Pennsylvanians deserve to have faith in their government. They deserve to trust that government officials are acting in their best interests, rather than on behalf of others whose influence is shrouded.

That is why some of my colleagues and I came together to rise to the challenge that Sen. Jake Corman laid out in his first speech as Senate Pro Tempore in January.

Sen. Kristin Phillips-Hill of York County, Sen. Lisa Baker of Luzerne County, Sen. Tommy Tomlinson of Bucks County and I introduced a package of bills that would subject lobbyists and political consultants to new transparency and ethical standards that limit their level of influence in state government.

My legislation, Senate Bill 801, would require lobbyists to register any clients seeking state financial assistance or grants. It would also prohibit kickbacks and inducements for referrals or performance bonuses for a successful application for taxpayer-funded grants.

Senate Bill 802, sponsored by Sen. Phillips-Hill, would prohibit any state entity from hiring an outside lobbyist or political consultant to lobby any branch of government. The bill would also prohibit former lobbyists who become employees of the General Assembly from being lobbied by their previous colleagues for one year after separation from employment. This would prevent the revolving door of individuals leaving a lobbying firm to join the legislature and immediately being influenced by their former coworkers.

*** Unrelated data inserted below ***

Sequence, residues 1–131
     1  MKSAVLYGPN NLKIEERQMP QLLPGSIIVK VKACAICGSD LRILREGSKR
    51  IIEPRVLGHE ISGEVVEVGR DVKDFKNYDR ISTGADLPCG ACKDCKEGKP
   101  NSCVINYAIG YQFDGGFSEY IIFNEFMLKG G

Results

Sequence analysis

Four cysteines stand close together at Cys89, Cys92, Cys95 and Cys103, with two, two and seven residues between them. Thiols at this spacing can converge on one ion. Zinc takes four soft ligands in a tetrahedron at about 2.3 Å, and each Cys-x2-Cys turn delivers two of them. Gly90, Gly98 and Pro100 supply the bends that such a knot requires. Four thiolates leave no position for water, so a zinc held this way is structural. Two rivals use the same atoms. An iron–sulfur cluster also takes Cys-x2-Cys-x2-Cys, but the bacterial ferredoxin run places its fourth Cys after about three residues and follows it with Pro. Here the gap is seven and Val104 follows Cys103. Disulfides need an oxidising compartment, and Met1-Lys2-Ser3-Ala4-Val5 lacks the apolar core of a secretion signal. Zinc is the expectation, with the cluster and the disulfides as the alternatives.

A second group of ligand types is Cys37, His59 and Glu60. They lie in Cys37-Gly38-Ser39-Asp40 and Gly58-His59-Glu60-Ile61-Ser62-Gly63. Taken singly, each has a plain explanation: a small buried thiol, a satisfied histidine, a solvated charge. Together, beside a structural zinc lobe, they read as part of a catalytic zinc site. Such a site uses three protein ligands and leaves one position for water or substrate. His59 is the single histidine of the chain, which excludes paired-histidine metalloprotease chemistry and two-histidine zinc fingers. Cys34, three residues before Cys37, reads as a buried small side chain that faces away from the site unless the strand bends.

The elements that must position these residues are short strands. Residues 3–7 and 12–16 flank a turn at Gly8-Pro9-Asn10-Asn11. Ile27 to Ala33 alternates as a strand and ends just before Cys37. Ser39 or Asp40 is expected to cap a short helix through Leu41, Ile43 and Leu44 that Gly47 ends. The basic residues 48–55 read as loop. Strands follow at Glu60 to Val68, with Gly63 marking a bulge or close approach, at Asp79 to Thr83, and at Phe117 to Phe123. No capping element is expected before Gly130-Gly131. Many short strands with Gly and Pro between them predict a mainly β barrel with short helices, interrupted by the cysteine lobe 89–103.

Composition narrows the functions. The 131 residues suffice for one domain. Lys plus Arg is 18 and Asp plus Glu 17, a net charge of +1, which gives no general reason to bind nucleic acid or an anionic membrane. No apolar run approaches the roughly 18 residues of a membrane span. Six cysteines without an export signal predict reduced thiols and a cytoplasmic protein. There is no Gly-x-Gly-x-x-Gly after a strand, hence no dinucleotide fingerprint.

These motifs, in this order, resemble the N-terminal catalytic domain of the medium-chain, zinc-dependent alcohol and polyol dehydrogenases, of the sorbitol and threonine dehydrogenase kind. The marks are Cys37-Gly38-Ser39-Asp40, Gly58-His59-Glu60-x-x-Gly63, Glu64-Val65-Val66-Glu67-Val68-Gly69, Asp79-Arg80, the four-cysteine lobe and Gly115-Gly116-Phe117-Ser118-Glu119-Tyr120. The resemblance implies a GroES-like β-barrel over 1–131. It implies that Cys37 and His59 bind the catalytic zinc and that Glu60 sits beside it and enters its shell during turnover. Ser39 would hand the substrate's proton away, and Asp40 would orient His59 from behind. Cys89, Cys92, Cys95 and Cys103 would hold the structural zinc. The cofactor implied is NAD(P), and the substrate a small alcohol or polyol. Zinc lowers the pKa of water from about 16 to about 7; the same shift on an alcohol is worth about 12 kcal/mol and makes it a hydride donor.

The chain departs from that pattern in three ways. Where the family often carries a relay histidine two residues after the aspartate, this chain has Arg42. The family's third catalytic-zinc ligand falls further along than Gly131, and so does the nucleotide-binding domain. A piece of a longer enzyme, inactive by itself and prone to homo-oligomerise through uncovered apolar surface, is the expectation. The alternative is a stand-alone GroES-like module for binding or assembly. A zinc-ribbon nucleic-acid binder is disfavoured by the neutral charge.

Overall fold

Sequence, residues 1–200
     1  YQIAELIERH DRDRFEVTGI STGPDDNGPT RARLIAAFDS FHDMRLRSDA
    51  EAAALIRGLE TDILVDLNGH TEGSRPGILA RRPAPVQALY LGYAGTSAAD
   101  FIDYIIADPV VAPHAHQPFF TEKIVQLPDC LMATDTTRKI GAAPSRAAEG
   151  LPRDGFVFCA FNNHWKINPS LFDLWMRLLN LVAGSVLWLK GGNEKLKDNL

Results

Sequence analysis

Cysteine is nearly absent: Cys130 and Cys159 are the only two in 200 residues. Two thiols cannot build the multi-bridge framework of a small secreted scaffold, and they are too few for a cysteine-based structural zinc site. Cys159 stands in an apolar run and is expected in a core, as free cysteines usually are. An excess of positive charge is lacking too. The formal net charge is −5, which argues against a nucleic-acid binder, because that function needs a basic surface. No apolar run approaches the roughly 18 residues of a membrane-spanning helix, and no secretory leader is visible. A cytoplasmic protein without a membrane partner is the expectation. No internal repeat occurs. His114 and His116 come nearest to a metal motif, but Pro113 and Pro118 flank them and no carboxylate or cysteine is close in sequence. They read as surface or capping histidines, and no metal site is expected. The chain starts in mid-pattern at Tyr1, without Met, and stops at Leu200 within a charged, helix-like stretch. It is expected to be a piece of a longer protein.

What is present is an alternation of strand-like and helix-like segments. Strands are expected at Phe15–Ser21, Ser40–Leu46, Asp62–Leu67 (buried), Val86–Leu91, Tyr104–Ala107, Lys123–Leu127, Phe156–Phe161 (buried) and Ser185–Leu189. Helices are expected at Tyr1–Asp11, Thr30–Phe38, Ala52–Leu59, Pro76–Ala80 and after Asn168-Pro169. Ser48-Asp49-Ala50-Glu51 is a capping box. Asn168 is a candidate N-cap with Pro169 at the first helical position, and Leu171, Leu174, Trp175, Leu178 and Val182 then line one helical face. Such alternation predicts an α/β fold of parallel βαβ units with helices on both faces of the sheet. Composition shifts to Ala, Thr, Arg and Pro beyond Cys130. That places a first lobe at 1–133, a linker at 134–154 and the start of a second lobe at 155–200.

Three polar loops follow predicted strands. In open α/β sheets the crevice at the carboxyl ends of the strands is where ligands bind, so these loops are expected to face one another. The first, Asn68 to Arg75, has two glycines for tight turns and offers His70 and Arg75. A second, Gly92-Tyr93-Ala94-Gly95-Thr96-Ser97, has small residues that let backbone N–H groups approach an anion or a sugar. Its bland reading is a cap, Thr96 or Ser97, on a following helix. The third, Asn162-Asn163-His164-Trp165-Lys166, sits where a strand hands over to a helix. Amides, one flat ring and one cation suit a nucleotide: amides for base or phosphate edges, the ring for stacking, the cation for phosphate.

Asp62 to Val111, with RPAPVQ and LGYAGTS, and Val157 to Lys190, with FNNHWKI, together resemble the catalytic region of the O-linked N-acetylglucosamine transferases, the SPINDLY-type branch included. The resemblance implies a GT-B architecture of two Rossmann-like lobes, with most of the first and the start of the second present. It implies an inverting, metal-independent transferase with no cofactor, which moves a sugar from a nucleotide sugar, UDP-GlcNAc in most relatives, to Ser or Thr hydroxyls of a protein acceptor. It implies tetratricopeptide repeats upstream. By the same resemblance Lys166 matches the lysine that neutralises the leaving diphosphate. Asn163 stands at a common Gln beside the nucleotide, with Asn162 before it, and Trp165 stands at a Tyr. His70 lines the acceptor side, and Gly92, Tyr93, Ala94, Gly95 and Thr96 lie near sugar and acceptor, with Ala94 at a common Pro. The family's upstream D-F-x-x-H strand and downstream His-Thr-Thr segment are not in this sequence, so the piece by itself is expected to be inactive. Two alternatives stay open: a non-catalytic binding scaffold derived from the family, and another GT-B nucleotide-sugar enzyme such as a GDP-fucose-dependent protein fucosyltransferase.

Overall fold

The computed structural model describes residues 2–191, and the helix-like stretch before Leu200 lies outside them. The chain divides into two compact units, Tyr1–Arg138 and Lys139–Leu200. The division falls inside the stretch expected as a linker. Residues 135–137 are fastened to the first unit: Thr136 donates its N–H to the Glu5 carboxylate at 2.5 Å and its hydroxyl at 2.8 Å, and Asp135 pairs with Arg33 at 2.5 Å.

Senate Bill 803, sponsored by Sen. Baker, would prevent lobbyists from also being registered as political consultants and would prohibit a political consultant from lobbying a state official who was a client for the remainder of the term for which consulting services were provided.

Senate Bill 804, sponsored by Sen. Tomlinson, would require all registered lobbyists to complete mandatory annual ethics training developed by the Department of State.

Legislation passed earlier this summer, Act 70 of 2021, requires lobbyists to disclose any equity they hold in any entity for which they are lobbying. While passage of this bill was a good start to stifle the influence of lobbyists and political consultants in Harrisburg, more work remains to make our government serve its people in more transparent and effective ways.

We will continue to work legislatively to bring openness, transparency and improved ethical standards to the Commonwealth’s lobbying industry so public trust in state government can be restored.